Many hospitals supply folders containing photocopied sheets for record-keeping. Typically, they have spaces for the date, white blood cell count, absolute neutrophil count, hematocrit, platelets, chemotherapy given, and side effects.
My record-keeping system was given to me by the hospital on the first day. We were given a notebook with information about the illness and treatment. Also included were charts that we could use to keep all the information about the child's blood work, progress, reactions to drugs, etc. While we were at the hospital we were able to get the information off one of the computers on our floor each afternoon. My notebook holds records and notes for three years. Perhaps I was being compulsive with my record-keeping, but it made me feel that I was part of the team working on bringing my boy back to health.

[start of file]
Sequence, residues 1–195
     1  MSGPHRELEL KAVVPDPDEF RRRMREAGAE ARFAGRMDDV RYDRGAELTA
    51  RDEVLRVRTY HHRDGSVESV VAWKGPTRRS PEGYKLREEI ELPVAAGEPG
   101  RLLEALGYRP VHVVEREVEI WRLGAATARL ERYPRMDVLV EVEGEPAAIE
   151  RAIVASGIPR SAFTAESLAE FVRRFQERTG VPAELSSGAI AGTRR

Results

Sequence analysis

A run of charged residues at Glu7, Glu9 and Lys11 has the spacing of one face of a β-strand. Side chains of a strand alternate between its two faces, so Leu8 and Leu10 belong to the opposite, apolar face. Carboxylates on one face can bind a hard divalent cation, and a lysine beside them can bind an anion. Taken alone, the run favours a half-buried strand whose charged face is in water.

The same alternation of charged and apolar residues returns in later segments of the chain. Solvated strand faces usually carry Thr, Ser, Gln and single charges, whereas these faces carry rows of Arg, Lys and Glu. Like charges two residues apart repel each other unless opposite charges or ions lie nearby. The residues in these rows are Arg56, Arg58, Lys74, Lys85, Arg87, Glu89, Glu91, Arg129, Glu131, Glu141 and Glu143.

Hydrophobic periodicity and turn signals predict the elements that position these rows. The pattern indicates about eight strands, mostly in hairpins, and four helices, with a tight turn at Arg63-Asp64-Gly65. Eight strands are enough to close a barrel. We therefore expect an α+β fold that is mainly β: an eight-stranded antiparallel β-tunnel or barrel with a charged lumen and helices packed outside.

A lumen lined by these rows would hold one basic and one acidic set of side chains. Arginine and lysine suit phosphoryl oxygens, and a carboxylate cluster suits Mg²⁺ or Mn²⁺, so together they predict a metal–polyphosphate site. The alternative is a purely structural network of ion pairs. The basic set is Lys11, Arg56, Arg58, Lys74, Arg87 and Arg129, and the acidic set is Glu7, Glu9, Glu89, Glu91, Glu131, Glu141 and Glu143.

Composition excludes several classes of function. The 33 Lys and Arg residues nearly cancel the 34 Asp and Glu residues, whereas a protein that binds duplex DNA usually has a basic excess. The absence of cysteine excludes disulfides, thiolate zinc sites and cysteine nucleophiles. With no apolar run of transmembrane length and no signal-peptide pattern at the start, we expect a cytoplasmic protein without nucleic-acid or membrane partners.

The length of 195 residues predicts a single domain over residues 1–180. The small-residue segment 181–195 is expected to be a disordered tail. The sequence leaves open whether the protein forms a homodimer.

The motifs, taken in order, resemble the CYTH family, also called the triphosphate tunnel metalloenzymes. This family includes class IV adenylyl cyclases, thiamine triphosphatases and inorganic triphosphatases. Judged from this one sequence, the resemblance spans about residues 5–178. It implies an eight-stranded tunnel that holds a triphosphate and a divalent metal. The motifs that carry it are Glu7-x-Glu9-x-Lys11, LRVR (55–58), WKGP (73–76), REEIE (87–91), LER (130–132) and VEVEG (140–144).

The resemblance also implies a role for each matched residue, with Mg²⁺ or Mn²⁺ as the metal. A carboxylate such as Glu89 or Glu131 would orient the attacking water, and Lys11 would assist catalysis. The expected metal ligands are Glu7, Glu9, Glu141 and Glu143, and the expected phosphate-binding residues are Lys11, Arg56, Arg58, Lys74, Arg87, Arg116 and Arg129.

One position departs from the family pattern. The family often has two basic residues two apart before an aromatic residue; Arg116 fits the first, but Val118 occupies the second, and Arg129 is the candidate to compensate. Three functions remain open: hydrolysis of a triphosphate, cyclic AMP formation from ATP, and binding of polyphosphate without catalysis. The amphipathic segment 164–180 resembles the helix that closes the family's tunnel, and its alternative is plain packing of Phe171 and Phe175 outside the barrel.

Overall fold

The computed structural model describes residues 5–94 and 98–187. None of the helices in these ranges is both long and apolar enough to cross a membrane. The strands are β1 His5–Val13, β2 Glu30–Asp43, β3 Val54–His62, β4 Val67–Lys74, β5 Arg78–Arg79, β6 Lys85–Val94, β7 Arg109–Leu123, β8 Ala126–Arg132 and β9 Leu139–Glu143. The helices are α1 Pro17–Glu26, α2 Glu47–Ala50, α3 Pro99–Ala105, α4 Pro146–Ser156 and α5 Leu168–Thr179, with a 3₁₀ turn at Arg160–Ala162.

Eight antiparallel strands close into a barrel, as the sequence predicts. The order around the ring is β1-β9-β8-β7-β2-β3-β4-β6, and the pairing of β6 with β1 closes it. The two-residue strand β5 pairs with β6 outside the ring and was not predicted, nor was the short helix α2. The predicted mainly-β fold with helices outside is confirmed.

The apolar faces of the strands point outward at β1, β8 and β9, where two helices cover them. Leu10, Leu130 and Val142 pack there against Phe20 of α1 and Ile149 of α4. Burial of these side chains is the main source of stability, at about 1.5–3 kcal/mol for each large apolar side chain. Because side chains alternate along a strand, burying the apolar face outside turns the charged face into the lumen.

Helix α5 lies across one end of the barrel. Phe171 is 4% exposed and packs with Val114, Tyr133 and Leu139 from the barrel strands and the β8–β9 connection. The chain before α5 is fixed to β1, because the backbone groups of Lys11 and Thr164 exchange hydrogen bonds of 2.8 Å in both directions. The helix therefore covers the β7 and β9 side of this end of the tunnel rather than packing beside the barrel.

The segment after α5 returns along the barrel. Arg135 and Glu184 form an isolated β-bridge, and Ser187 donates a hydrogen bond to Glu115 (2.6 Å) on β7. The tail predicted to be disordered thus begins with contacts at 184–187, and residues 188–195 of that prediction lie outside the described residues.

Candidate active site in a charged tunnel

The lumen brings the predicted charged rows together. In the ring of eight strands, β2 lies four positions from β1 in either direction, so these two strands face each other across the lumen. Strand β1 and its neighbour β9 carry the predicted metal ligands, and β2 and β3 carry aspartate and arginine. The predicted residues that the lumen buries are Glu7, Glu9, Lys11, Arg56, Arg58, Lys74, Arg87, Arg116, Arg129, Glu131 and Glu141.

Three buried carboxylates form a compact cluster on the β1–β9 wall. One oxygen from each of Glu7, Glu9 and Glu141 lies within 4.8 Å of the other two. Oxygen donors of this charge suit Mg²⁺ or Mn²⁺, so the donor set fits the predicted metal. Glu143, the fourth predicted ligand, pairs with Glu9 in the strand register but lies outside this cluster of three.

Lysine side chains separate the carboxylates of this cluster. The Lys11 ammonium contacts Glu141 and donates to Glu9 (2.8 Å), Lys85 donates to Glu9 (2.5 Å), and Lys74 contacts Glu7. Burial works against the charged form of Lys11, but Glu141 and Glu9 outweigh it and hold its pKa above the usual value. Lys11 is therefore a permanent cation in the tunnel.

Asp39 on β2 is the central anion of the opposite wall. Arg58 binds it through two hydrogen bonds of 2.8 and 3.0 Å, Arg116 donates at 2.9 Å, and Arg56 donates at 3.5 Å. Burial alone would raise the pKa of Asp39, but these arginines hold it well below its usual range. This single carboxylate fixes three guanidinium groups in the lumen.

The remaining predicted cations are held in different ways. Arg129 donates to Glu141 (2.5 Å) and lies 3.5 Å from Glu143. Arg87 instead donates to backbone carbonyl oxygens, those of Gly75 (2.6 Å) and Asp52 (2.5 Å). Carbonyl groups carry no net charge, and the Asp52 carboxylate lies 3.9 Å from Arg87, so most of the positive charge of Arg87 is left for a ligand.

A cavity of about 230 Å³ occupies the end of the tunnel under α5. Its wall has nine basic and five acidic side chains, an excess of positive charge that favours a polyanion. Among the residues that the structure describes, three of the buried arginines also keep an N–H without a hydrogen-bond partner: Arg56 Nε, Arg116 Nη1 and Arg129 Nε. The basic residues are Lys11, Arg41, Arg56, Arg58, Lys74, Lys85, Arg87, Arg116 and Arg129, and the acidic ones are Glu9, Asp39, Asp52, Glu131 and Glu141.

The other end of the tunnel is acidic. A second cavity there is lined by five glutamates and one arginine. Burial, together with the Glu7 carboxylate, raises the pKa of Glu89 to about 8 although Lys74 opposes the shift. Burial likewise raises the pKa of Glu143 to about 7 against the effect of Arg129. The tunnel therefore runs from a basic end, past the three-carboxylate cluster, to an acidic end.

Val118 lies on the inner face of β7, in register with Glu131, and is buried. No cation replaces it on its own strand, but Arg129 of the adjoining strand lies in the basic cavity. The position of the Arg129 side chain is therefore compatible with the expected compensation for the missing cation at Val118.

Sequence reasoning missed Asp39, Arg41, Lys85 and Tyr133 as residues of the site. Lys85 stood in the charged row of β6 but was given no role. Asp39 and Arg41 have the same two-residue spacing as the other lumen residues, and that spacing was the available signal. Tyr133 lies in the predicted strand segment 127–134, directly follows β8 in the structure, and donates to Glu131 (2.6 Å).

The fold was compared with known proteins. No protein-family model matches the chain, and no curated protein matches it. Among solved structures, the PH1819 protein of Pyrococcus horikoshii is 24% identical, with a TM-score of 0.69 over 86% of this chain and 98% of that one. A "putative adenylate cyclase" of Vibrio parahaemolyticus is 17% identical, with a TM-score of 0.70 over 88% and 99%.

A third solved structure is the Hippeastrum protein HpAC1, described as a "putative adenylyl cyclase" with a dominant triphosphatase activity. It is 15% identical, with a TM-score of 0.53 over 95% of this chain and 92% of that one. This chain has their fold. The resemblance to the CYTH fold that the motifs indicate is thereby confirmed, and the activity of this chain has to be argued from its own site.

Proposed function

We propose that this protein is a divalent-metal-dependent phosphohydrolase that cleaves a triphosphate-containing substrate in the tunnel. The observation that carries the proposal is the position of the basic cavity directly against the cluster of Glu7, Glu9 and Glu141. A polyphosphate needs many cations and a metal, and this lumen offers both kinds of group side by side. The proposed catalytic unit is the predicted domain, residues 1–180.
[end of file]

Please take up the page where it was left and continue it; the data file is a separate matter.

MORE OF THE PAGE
Appendix B, Blood Counts and What They Mean, contains examples of actual lab sheets and a record-keeping sheet that you can use to keep track of your child's blood counts.
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